I happily admit that I do not have much idea of how the antenna works, R4 and R5 in my design are there to ensure the 74AC86 current limits are not exceeded. Looking at it whilst writing this question I suspect R5 could be completely removed.

An answer that explains how this works (in simple terms for a non-EE) would allow me to understand my own question and perhaps refine the design further.

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2 Answers 2

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First of all, it isn't the resistors that are limiting the current out of the gates — the AC impedance of the capacitors at 5 MHz is more than enough for that.

A more important function of the resistors is to isolate the resonant tank circuit from the low output impedance of the gates, allowing the Q of the circuit to be higher than it would be without them.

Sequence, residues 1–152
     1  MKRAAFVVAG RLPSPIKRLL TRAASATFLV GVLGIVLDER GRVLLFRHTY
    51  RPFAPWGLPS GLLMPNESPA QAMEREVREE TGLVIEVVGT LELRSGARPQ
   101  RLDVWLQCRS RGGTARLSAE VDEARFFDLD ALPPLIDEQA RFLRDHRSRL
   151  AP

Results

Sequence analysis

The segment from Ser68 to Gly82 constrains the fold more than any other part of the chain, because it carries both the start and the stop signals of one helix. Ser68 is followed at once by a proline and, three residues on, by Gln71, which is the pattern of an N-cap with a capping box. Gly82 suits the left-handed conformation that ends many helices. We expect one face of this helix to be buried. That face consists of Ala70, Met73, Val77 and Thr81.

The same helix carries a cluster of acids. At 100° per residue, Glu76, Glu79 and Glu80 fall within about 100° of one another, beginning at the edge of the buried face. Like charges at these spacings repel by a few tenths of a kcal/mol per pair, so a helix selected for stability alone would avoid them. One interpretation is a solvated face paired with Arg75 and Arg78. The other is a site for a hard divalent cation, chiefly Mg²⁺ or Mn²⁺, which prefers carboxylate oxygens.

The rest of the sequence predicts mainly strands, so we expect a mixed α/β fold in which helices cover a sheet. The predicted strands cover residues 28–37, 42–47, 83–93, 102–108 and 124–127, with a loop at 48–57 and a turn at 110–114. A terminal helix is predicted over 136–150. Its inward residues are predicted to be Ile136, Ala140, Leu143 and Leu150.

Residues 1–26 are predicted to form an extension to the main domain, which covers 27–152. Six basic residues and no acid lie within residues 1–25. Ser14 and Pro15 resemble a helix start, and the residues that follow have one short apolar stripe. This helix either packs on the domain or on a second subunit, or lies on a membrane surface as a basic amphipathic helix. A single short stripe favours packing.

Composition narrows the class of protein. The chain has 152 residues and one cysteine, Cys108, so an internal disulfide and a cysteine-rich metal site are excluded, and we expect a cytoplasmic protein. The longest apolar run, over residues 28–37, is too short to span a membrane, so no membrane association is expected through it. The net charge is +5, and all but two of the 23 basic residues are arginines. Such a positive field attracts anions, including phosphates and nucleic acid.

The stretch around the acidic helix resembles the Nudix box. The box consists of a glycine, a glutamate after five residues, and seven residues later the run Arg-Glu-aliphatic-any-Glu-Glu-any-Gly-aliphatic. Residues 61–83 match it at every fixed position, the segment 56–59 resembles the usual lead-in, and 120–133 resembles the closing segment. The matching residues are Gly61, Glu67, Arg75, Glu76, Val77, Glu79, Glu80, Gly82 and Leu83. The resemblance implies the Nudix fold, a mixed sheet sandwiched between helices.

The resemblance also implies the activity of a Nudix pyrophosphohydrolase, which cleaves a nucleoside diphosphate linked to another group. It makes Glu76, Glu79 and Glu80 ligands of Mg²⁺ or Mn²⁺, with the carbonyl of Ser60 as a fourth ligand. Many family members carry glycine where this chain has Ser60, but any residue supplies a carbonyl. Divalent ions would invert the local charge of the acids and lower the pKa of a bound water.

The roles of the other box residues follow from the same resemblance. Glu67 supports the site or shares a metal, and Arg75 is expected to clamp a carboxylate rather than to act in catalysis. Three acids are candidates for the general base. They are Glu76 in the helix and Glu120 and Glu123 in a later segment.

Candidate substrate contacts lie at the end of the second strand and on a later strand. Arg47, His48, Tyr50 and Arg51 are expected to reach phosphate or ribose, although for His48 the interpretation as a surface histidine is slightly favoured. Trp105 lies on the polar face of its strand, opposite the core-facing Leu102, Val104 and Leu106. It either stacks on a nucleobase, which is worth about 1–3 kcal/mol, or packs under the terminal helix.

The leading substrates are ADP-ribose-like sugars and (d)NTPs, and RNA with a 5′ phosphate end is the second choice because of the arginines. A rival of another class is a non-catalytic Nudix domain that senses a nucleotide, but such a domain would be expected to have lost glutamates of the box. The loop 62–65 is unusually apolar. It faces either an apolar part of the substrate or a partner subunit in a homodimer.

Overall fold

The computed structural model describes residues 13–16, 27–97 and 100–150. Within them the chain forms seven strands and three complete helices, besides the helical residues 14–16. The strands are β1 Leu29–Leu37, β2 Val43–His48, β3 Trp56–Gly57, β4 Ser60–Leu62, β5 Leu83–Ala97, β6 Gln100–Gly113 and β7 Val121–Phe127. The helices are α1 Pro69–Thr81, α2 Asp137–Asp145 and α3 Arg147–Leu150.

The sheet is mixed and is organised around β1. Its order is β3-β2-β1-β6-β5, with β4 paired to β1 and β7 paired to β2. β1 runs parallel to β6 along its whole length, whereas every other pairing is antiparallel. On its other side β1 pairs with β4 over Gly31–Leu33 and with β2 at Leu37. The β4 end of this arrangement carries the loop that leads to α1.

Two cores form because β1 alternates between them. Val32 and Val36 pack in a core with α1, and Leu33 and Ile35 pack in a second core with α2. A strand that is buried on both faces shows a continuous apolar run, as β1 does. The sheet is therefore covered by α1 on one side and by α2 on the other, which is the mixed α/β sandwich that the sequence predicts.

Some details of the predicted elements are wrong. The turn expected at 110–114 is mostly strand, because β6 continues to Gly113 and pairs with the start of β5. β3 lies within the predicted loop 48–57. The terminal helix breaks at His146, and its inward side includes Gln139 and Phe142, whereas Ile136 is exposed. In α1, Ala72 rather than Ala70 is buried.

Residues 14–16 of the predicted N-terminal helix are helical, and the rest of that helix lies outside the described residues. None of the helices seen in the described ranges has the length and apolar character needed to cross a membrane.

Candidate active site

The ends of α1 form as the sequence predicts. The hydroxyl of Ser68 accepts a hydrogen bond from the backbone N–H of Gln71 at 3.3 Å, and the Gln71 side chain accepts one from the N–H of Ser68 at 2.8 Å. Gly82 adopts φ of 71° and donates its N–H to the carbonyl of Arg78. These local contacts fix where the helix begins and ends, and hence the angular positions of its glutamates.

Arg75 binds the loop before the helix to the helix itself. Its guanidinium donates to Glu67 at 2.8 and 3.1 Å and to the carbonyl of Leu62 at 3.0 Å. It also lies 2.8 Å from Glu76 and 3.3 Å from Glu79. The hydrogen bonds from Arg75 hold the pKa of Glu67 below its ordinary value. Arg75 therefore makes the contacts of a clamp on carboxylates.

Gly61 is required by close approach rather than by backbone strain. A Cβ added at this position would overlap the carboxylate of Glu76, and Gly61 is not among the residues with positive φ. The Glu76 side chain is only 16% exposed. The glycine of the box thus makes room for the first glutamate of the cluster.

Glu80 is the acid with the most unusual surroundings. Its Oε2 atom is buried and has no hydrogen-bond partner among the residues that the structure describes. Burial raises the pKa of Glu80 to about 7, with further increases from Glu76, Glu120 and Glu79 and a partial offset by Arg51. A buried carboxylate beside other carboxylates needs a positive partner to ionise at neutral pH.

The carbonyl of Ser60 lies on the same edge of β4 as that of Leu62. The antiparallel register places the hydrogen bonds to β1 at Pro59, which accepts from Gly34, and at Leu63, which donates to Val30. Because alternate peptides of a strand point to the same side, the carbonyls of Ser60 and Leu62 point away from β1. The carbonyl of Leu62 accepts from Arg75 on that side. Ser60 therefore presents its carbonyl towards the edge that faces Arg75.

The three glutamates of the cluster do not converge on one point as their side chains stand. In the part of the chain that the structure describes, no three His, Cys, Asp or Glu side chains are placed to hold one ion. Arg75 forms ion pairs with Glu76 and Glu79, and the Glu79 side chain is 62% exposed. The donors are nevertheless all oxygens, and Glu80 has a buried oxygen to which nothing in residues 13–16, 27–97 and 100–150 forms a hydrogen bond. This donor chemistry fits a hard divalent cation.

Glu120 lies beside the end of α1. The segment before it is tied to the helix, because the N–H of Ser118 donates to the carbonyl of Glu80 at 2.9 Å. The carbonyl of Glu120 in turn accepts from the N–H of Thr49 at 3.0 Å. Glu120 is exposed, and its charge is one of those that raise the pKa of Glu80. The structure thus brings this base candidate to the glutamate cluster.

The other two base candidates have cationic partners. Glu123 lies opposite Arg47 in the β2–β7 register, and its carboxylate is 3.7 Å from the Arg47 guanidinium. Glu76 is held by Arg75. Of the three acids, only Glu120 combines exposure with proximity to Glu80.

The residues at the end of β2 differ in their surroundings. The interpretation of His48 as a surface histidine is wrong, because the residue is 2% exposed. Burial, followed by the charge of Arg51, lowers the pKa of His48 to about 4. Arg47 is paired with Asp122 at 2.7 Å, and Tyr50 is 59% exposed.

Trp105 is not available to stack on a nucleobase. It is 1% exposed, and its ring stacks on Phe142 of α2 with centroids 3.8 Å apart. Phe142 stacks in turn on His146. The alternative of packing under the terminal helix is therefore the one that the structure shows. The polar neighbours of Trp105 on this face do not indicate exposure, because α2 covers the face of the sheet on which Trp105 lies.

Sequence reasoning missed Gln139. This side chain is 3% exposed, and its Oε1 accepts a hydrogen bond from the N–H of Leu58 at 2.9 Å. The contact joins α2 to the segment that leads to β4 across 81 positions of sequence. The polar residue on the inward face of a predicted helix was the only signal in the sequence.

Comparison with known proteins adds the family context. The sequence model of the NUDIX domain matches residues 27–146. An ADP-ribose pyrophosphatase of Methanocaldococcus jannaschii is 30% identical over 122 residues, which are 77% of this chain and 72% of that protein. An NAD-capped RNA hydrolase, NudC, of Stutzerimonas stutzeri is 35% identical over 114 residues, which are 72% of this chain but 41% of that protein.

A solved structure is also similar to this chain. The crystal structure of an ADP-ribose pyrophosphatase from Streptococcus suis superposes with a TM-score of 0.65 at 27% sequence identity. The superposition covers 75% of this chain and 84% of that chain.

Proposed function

If anything, I would be tempted to raise the values of the resistors, to maybe 150Ω or 220Ω, to provide a better match to the antenna.

Otherwise, if you want to redesign the antenna to work at a lower voltage and higher current, you're going to have to reduce the inductance and raise the capacitances by the same ratio in order to keep the same resonant frequency.

This type of antenna only interacts directly with the magnetic field of an EM wave, so its "power" is directly related to the magnetic field it can produce, which is a function of the current through the inductor and the number of turns in it (Ampere-turns).